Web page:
An engaging look at a mangy day in the lives of two junkies trying to kick, "Gridlock'd" would have been a good mid-level B.O. performer even without the interest surrounding it, due to the recent death of co-star Tupac Shakur. As it is, curiosity among both black and white auds to see the late rap bad boy in a sympathetic role should bump up this modest but punchy Gramercy release yet another notch in commercial potential.
An engaging look at a mangy day in the lives of two junkies trying to kick, “Gridlock’d” would have been a good mid-level B.O. performer even without the interest surrounding it, due to the recent death of co-star Tupac Shakur. As it is, curiosity among both black and white auds to see the late rap bad boy in a sympathetic role should bump up this modest but punchy Gramercy release yet another notch in commercial potential.
Skewed to the comic and buddy-buddy aspects of this tale of bureaucratic frustration at the bottom of the urban barrel, actor Vondie Curtis Hall’s debut as a bigscreen writer-director showcases all his thesps to good advantage in scenes that favor character interaction far more than plot. It’s a shaggy-dog story, after a fashion, although one with a sense of urgency prompted by a life-or-death crisis served up in the opening scene.
New Year’s Eve presents as good an excuse to get high as anything, but Cookie (Thandie Newton) goes too far this evening and ODs. While her friends Stretch (Tim Roth), a crazy white guy, and Spoon (Shakur), a more levelheaded black man, await word of her fate at the hospital, pic mixes in flashbacks to describe relations among the threesome, who look to be an on-the-rise jazz trio.
Sobered by what’s happened to Cookie, Spoon gets reflective and, in what is bound to be the most hyped and cited passage in the picture, says to his buddy, “You ever feel like your luck’s running out? Lately I feel like my luck’s been running out.” Astonished at the idea of giving up junk, Stretch nevertheless goes along with the idea out of friendship, but not before they get high one last time.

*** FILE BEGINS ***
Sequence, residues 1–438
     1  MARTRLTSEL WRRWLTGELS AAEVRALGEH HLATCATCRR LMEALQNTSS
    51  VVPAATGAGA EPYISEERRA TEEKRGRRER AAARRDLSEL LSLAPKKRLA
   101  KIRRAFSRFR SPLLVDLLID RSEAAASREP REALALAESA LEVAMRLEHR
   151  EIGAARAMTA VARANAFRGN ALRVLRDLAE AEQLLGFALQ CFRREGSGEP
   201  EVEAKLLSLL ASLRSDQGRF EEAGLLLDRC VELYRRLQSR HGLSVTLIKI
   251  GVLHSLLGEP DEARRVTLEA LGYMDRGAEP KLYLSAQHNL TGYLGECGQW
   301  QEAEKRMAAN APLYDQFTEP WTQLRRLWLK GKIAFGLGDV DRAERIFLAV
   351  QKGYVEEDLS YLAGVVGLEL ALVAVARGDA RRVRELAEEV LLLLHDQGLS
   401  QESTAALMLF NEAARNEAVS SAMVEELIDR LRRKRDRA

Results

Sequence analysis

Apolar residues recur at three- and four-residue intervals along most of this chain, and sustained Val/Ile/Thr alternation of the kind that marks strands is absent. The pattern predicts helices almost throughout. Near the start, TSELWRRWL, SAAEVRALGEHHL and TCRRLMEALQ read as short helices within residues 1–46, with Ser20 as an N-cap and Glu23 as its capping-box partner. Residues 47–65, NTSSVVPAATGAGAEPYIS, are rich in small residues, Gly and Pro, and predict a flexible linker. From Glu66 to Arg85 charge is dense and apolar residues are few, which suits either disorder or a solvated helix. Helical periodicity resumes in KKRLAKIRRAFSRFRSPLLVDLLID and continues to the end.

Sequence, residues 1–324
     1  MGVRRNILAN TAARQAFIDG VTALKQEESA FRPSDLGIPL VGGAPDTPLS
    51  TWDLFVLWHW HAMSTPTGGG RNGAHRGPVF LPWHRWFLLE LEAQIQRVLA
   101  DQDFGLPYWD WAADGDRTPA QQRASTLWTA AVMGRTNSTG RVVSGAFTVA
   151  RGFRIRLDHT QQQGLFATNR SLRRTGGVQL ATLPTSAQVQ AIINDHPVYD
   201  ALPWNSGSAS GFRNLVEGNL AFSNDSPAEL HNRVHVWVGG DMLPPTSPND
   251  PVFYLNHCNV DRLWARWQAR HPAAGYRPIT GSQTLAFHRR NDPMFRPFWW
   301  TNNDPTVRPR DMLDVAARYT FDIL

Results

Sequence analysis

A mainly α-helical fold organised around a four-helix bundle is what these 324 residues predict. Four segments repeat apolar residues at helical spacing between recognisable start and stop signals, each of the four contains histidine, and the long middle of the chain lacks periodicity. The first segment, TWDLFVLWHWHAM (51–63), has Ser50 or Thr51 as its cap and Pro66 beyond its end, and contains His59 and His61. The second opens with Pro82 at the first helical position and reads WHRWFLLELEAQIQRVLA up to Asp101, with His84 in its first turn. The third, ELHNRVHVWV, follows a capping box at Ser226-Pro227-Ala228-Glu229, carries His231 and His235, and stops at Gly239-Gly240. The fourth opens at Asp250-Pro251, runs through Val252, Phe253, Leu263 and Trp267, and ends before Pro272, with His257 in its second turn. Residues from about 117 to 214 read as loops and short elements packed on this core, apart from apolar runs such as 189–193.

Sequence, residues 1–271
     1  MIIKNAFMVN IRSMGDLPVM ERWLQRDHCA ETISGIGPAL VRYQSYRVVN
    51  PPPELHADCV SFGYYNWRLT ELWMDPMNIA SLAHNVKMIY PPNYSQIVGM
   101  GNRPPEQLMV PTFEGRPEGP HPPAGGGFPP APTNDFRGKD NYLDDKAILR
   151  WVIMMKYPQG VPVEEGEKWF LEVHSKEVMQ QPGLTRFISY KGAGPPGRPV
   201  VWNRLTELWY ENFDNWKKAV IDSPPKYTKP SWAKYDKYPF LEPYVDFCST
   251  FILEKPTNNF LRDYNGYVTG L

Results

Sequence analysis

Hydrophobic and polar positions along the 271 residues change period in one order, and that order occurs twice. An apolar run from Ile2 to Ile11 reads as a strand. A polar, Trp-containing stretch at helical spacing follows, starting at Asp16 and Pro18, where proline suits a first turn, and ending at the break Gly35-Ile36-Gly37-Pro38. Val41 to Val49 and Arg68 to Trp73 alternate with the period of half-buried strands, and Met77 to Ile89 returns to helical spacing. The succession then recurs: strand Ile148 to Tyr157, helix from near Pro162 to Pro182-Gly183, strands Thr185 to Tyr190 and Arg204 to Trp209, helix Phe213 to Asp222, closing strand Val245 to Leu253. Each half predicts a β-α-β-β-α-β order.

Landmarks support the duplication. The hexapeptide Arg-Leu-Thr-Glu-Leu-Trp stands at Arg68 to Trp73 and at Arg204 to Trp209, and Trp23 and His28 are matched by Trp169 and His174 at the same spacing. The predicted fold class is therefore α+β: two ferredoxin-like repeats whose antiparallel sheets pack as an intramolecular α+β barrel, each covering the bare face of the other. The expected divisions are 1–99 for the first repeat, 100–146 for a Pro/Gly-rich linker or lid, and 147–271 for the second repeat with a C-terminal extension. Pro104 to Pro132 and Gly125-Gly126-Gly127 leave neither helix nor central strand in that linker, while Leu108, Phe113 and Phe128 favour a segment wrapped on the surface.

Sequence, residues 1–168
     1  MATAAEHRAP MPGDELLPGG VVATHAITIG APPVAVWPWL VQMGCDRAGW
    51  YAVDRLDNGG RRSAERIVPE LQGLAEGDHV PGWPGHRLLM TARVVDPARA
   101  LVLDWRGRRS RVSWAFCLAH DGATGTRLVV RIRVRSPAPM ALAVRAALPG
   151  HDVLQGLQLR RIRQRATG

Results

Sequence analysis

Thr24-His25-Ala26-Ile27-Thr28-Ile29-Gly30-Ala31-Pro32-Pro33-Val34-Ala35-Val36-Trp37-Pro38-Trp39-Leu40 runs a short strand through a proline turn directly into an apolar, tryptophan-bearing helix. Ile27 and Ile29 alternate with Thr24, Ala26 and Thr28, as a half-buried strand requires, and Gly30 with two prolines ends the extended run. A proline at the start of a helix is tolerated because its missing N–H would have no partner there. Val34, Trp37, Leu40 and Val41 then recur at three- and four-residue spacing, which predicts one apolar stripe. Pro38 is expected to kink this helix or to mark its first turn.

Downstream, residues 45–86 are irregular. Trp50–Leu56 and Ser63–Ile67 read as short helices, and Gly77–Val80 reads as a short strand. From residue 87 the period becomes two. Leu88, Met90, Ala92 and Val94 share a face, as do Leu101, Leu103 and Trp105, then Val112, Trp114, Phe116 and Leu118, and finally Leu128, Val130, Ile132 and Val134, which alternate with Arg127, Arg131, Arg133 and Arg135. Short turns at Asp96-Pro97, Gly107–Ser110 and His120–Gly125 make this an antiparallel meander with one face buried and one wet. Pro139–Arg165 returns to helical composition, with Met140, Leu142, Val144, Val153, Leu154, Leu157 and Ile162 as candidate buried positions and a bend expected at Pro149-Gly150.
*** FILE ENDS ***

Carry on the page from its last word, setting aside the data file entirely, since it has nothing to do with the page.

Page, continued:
Body of the film consists of the two young men’s increasingly frustrated and absurdist attempts to get into rehab. On the run from some gangsters and trying to steer clear of the cops, they embark on a wild goose chase to an assortment of depressing government agencies, only to be given the runaround, being told that they can’t enter rehab until they’re on Medicaid, but can’t get on Medicaid unless they’re on welfare, and so on. Outwardly comic playing of these scenes is underscored by a mixture of anger and sadness.
In its affection for actors as well as for the eccentric behavior of some of society’s scruffier characters, pic reminds at times of the work of John Cassavetes and Elaine May’s “Mikey and Nicky.” While the film is nowhere near as inspired as these predecessors, and lacks their raw improvisatory edge, Hall reveals a natural talent for behavioral nuance in glancing societal observations, so it will be interesting to watch if he continues pushing further in the direction of intimate character work grounded in the real world or gravitates toward more conventional Hollywood fare.
Acting is strong across the board. Roth has a field day bouncing off the walls as Stretch, and clearly established a fine rapport with Shakur, who, in his second-to-last film, displays a confidently relaxed screen presence and ready sense of humor. As the impulsive Cookie, Newton is highly charged and sensual, and gets to deliver a sultry jazz number backed by Roth’s character on keyboards and Shakur on bass. Latter briefly vocalizes on a tune used over the end credits. Cast is peppered by a vivid assortment of secondary characters, few of whom are on for more than a few moments.
By the time of the open-ended conclusion, by which Stretch and Spoon have had to resort to desperate measures to even hope to be noticed by society, there is the nagging feeling that the film has neither been quite as funny or as truly involving as it might have been. Direction could have profited by a looser, more freewheeling approach, one that did not contain the story in a nice little box. It’s not that the box is bad, just that it somehow gives the sense of keeping a lid on the full potential of the material rather than liberating it.
Tech contributions on this modestly budgeted effort are sharp, and soundtrack is bound to be a winner.
Spoon - Tupac Shakur
Cookie - Thandie Newton
Mr. Woodson - Charles Fleischer
Blind Man - Howard Hesseman
Supervisor - James Pickens Jr.
Cop #1 - John Sayles
Cop #2 - Eric Payne
D-Reper's Henchman - Tom Towles
Koolaid - Tom Wright